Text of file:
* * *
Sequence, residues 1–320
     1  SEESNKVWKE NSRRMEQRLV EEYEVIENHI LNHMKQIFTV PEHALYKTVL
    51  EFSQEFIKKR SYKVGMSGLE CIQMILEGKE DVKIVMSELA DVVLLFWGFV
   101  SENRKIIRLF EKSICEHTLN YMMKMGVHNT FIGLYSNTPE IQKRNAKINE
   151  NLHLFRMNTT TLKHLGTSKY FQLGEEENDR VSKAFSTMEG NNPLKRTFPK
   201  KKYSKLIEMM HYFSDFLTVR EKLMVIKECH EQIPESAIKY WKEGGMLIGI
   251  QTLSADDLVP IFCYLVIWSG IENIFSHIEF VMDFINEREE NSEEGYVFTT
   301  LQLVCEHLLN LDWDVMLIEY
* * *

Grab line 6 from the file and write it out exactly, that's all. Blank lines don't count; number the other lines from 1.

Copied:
   201  KKYSKLIEMM HYFSDFLTVR EKLMVIKECH EQIPESAIKY WKEGGMLIGI